A conventional method for efficiently dissipating heat from an electronic component requiring cooling is the attachment of a radiation plate that is fin-shaped to provide a larger area. Such a fin-shaped radiation plate alone, however, lacks the ability to dissipate heat effectively. On the other hand, among cooling systems using a thermoelectric conversion material is a n-type Peltier element including a combination of p-type and n-type thermoelectric conversion materials. This element is supplied with current to cool a component.

A conventional Peltier element requires a pair of p-type and n-type thermoelectric conversion materials arranged in series. This element has a complicated structure and involves high production cost because both p-type and n-type materials must be prepared and combined. In addition, this element requires external current supply, and thus involves operating cost.

In the known devices that provide a larger cooling effect using an electromotive force produced by a Seebeck effect, another thermoelectric conversion material is supplied with the electromotive force instead of external current to produce a Peltier effect. Alternatively, the electromotive force is used as a driving force for a fan motor or a piezoelectric vibrator. The need for combining such a component, however, complicates the structure of the devices.

According to Patent Documents 2 to 6, electric power generated from heat by a thermoelectric conversion element including both n-type and p-type materials is supplied to an external load such as an external charger, a fan, and a piezoelectric vibrator to aid cooling. It may be pointed out that the generation of electric power removes heat to result in a decrease in temperature. The connection of an external load (resistor), however, increases the overall resistance of the circuit, and thus decreases current flowing through the circuit. In addition, the use of an external load is insufficient because part of electric power consumed by the external load is inevitably converted to heat again. According to Patent Document 2, external power supply is required for cooling. According to Patent Documents 4 to 6, an electronic component such as a control circuit is required together with power supply therefor.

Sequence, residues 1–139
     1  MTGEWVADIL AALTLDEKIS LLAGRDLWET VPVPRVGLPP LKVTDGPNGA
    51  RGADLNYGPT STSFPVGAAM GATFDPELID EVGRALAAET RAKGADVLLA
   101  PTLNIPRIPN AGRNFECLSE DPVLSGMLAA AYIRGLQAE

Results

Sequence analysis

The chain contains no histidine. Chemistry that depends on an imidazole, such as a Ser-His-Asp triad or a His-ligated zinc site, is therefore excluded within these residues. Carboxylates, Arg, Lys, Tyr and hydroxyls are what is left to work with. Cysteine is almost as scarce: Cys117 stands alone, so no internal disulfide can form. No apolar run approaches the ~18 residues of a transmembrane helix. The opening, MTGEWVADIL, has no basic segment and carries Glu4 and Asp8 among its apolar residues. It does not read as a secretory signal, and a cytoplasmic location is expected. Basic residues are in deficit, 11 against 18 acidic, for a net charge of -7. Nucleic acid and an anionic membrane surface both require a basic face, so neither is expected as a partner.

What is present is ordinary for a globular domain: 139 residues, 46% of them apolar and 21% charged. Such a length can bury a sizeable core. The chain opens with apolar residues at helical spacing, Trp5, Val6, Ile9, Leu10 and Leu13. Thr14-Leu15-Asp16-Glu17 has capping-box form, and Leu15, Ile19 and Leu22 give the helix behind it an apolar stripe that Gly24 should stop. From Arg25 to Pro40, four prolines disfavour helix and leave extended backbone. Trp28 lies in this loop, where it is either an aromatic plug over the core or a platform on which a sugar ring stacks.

To solve the above problems based on a novel cooling principle, the present invention provides a cooling device that can replace a conventional cooling device for an electronic component or can be used in combination with a conventional cooling device.

Specifically, the present invention provides (1) a cooling device for an electronic component. This cooling device includes a thermoelectric conversion material disposed between two electrodes that function as a cathode and an anode and are electrically short-circuited. The cooling device is brought into contact with an electronic component requiring cooling so that one electrode side in contact with the thermoelectric conversion material becomes a low-temperature side and the other electrode side becomes a high-temperature side. A temperature difference between the two electrodes causes the thermoelectric conversion material to produce a thermoelectromotive force which generates current to cool the high-temperature side.

In the cooling device for an electronic component according to Item (1) above, the thermoelectric conversion material is either a p-type material or an n-type material or a combination of p-type and n-type materials arranged alternately in series.

The present invention further provides (3) a cooling system including two or more stacked cooling devices according to Item (1) or (2) above.

The present invention further provides (4) a cooling system including the cooling device according to Item (1) or (2) above.

The cooling device according to the present invention may be attached to a part of an electronic component where its temperature rises. The temperature of one electrode side of the cooling device in contact with the component rises as the temperature of the component rises. On the other hand, the other electrode side in contact with the thermoelectric conversion material shows no significant temperature rise because the electrode side is exposed to a refrigerant such as outside air and water. Accordingly, a temperature difference occurs spontaneously between the two sides of the cooling device. This temperature difference allows current to flow through the cooling device and cool the high-temperature side in contact with the cooling device.

The heat dissipation effect of the cooling device according to the present invention will now be theoretically described according to an embodiment shown in FIG. 1. In this embodiment, a plate-like thermoelectric conversion material 1 is disposed between plate-like electrodes 2 and 3 that function as a cathode and an anode and are electrically short-circuited with, for example, a conductor 4. The thermoelectric conversion material 1 used may be any material that is either a p-type material or an n-type material or a combination of p-type and n-type materials arranged alternately in series. The surface of the bottom electrode 3 of the plate-like cooling device is brought into contact with a heat-generating device (not shown) requiring cooling, such as a semiconductor device.